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The start of a year is a good time to share what we have learned during the previous year; especially things that helped influence us.  If there are 2 things, we wish for 2021 they are for the pandemic to be defeated and for families to be more open when talking about money. The pandemic has exposed money fragility and the importance of talking more openly about our financial situations.

At Offspring, we encourage families to be more open when talking about money because it is important for their relationships, health, and wellbeing.

In our first blog of the year, we share extracts from articles and research that our team found interesting.

👩🧑 Boomerang children, and talking to them about money

We read about this trend of “boomerang children” via ONS, Independent, and The Guardian. We have included extracts from these articles below.

A quarter of under-34s still living at home. Why?

  • First, moving out is becoming unaffordable
  • Second, the pandemic and the economic fallout has caused a trend to move back home
  • Third, the matter of money is now more of a family affair than ever before

👩‍🦳👨‍🦳How should Mum & Dad talk to their adult children about their long term financial situation?

As a society, we often read how important the Bank of Mum & Dad is to their adult children when helping out with house deposits and other costs. This is one way in which social saving, and gifting, manifest themselves.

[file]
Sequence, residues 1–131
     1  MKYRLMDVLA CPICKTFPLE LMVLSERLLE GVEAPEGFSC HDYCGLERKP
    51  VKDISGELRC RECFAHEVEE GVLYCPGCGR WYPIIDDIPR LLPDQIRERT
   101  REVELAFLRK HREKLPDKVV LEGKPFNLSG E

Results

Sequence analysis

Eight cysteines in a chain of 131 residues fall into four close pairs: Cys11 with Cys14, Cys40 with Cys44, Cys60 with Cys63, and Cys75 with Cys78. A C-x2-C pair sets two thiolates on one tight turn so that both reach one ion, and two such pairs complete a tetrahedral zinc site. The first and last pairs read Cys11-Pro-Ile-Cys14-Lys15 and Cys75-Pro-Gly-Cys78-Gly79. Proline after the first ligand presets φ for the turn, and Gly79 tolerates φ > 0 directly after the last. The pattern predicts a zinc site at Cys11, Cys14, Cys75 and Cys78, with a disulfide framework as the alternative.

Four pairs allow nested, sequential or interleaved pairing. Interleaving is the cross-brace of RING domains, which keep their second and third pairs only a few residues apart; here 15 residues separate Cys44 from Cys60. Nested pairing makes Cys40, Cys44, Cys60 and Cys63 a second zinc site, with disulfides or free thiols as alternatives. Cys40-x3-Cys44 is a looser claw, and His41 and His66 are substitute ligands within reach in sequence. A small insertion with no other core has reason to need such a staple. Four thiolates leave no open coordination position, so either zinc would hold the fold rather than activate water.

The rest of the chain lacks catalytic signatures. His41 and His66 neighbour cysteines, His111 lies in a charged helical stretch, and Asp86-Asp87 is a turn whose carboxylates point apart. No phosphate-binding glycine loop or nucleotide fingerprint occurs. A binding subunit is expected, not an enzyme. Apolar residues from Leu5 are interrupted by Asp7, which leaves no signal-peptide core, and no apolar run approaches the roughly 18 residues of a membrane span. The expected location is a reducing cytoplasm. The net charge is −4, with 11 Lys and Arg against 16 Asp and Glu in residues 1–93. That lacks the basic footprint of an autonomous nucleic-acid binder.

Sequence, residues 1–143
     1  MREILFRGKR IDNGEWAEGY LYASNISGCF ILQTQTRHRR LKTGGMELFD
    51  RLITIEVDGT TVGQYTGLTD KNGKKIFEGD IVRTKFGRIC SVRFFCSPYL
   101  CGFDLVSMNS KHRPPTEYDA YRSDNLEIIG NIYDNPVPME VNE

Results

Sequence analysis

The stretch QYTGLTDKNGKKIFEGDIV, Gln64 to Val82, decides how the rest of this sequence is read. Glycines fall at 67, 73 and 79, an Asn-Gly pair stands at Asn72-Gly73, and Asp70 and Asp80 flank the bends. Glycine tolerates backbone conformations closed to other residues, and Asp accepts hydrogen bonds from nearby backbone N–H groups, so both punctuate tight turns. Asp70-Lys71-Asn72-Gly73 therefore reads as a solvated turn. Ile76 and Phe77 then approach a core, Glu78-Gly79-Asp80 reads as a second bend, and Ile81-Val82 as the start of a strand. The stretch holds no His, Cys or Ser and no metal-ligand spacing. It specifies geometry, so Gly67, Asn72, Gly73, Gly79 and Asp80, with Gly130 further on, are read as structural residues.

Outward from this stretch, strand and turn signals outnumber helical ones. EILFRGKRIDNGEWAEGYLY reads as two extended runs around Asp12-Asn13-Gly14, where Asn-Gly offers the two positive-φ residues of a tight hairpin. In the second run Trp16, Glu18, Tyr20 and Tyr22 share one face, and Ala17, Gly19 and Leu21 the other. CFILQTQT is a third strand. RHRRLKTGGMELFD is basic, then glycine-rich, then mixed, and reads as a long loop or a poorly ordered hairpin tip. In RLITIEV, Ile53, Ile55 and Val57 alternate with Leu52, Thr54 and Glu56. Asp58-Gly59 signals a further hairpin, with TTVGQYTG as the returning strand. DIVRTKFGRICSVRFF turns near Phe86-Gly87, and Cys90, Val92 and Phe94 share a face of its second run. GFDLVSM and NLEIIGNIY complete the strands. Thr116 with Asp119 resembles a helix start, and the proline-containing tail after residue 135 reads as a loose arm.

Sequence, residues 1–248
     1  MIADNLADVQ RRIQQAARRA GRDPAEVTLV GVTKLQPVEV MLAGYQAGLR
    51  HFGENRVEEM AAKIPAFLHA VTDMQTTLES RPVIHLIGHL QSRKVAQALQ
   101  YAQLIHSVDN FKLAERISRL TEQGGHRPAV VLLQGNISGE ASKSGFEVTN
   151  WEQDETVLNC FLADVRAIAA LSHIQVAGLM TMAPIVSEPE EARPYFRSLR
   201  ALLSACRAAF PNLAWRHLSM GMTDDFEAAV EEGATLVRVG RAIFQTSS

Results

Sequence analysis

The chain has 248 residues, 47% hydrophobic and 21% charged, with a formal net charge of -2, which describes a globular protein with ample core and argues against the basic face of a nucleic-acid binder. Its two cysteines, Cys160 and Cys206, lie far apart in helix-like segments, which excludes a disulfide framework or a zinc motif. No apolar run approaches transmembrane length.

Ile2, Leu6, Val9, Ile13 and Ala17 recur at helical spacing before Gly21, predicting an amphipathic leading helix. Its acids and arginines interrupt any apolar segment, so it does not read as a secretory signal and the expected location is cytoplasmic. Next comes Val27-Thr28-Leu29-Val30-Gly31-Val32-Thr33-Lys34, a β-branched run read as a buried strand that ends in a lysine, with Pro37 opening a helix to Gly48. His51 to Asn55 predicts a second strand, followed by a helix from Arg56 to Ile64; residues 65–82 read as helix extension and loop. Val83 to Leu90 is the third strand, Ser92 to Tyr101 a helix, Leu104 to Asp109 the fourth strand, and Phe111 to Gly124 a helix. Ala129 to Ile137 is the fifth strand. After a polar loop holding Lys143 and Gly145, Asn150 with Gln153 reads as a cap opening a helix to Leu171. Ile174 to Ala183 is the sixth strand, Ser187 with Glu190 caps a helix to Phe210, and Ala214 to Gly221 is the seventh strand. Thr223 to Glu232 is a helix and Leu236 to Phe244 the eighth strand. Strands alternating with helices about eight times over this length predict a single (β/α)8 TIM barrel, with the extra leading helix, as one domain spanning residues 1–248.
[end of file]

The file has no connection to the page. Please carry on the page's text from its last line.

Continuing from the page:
The number crunchers at Fidelity International have estimated that adult children living at home cost parents an average of £1,780 a year in added household expenses.

Their practical guidance to parents is “….. being aware of the commitment and factoring children into your financial life plans, no matter their age, can help you feel better prepared to cope with what might be around the corner.”

This requires open communication about money within families. The lack of communication leads to mismatched expectations, poor planning, and potential conflict. All of these situations can be avoided if families just dropped their reserve when it comes to talking about money. We think money conversations should be treated like discussions about any health issues that impact the family.

🤔 Do Children repay Mum & Dad?

According to the M&S Bank “While millennials or Gen Z-ers may be boomeranging back to live in the family home at some stage in their adult lives, with parents often supporting their children to get a foot on the property ladder, this support is not a one-way street, with many younger generations also helping parents and other family members,”

Almost half of millennials and more than half of Generation Z-ers have paid into the Bank of Mum and Dad.

Providing more support to their parents than any other age group, 23- to 38-year-olds have given £1,161 to family members over the last 12 months to help with their day-to-day finances, according to data from M&S Bank, compared with £871 from 16- to 22-year-olds, £756 from 39- to 54-year-olds, £498 from 55- to 73-year-olds and £563 from the over-74s.

“Our findings contrast with the common narrative that financial support in families only flows one way, or that it’s all about the money, with many keen to hear about the financial learnings of both older and younger family members.”